Tuesday, January 18, 2011

Hobbes, Jay-Z, Life in the American State of Nature, and the Moral Economy

It was after our discussion of the day’s sports stories that one of dearest non-Muslim brothers said to me, ‘why do the people in Newark keep killing one another’. This brother I speak of is a good, decent, trustworthy man who happens to be a Christian of European descent. If I felt there was any direct racism in his heart, he would not be a friend, let alone my brother in humanity. And yet, his question troubled me. I offered my cursory perspective to answer his question, having prefaced my answer with ‘I have been thinking about this a great deal myself’. He listened, and then spoke to support his argument, as I was trying to find crime statistics for New Jersey’s largest city, whose residents are mostly poor and working class people of color. When we got off the phone, my thoughts were with music and Thomas Hobbes.

It was Jay-Z who said in lyrical prose:

I’m from where the hammers rung, News cameras never come, You and your man hung in every verse in your rhyme, where the grams were slung, Niggas vanish every summer, Where the blue vans would come, we throw the work in the can and Run! Where the plan was to get funds and skate off the set, To achieve this goal quicker sold all my weight wet, Faced with immeasureable odds, still I gave straight bets, So I felt the most something and you nothing check. I’m from the other side where other guys don’t walk too much, And girls in the projects wouldn’t fuck us said we talk too much, So they ran up to Thompson and sought those dudes to trust, I don’t know what the fuck they doing, Them niggas is foul just like us. I’m from where the beef is inevitable, Summer times unforgettable, Boosters in abundance, buy a half-price sweater new, Your word was everything, So everything you said you'd do, You did it, Couldn't talk about it if you ain't lived it, I from where niggas pull your card, and argue all day about Who's the best MC's, Biggie, Jay-Z, and Nas, Where the drugs czars evolve, and thugs always are, At each other's throats for the love of foreign cars, Where cats catch cases, hoping the judge R and R's, But most times find themselves locked up behind bars-That All-I'm from where they ball and breed rhyme stars, I'm from Marcy son, just thought I'd remind y'all…I'm from the place where the church is the flakiest,And niggas been praying to God so long that they Atheist Where you can't put your vest away and say you'll wear it tomorrow, Cause the day after we'll be saying, damn I was just with him yesterday, I'm a block away from hell, not enough shots away from straight shells, An ounce away from a triple beam still using a hand-held weight scale, You laughing, you know the place well, Where the Liquor Store's and the base well, And Government, fuck Government, niggas politic they-selves, Where we call the cops the A-Team, Cause they hop out of vans and spray things, And life expectancy so low we making out wills at eight-teen, Where how you get rid of guys who step out of line, your rep solidifies, So tell me when I rap you think I give a fuck who criticize? If the shit is lies, God strike me, And I got a question, are you forgiving guys who live just like me? We'll never know! One day I prayed to You and said if I ever blow, Let 'em know, The stakes ain't exactly what takes place in the ghetto, Promise fulfilled, but still I feel my job ain't done, Cough up a lung, where I'm from, Marcy son, ain't nothing nice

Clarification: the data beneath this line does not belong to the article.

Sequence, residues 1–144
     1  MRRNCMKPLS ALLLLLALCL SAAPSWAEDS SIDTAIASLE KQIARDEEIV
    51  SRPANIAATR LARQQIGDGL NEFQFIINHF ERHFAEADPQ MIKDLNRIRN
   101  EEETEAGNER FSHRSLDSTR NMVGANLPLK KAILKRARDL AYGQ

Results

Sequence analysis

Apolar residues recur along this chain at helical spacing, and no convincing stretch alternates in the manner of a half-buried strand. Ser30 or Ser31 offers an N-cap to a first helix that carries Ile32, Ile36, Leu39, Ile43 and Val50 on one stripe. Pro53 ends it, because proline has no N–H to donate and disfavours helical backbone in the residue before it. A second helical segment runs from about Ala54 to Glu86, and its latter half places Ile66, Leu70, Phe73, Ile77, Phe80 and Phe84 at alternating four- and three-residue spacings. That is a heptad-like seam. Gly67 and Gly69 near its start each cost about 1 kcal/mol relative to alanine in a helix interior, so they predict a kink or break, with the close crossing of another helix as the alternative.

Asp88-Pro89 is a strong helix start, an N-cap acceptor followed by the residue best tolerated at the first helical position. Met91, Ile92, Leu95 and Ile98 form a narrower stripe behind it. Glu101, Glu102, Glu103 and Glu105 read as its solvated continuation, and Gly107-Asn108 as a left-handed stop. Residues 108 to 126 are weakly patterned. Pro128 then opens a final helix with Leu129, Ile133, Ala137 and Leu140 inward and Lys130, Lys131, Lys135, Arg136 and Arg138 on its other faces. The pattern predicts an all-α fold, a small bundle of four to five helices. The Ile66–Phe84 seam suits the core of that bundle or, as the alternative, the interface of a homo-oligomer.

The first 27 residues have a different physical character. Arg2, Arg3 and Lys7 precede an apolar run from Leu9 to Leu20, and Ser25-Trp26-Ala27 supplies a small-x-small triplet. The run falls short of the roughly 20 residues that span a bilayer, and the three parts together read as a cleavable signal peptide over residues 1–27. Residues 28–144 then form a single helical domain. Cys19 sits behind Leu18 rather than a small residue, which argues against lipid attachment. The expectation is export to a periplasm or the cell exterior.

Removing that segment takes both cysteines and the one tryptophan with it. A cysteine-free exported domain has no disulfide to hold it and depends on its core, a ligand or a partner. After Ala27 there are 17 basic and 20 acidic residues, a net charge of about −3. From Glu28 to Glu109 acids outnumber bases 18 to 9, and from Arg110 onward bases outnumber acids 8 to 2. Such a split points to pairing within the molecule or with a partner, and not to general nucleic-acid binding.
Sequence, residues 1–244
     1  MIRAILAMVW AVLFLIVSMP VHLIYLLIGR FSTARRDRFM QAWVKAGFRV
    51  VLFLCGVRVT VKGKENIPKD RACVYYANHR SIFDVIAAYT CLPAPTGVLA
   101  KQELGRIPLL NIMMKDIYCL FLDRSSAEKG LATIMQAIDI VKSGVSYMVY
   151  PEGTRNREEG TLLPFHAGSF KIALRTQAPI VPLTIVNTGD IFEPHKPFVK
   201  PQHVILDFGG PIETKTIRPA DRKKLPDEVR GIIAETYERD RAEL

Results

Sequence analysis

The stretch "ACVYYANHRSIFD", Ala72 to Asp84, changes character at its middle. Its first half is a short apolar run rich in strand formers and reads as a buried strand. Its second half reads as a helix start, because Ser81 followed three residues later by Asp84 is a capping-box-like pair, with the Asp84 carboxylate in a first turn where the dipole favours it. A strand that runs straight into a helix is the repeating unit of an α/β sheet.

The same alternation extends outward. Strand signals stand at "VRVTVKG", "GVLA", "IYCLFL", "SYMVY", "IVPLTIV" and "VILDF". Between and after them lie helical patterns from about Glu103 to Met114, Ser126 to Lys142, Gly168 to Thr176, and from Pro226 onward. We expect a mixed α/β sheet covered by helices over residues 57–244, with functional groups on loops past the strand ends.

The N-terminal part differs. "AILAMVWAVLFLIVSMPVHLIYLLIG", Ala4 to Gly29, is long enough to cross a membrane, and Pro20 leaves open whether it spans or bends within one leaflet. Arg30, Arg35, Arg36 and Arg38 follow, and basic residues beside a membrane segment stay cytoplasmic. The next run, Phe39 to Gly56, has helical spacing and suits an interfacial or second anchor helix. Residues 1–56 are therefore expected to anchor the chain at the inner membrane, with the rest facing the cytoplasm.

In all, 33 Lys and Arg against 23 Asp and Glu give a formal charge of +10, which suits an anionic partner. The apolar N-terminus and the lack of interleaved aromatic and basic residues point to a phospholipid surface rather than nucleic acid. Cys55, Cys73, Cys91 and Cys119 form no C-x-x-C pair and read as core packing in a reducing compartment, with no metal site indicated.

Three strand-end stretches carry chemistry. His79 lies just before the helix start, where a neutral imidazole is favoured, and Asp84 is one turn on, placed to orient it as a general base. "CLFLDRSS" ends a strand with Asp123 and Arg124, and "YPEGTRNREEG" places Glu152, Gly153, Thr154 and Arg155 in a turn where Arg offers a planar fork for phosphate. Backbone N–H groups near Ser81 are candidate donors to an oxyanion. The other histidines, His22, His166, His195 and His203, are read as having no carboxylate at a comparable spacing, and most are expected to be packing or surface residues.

It was Thomas Hobbes who described the state of nature, stating: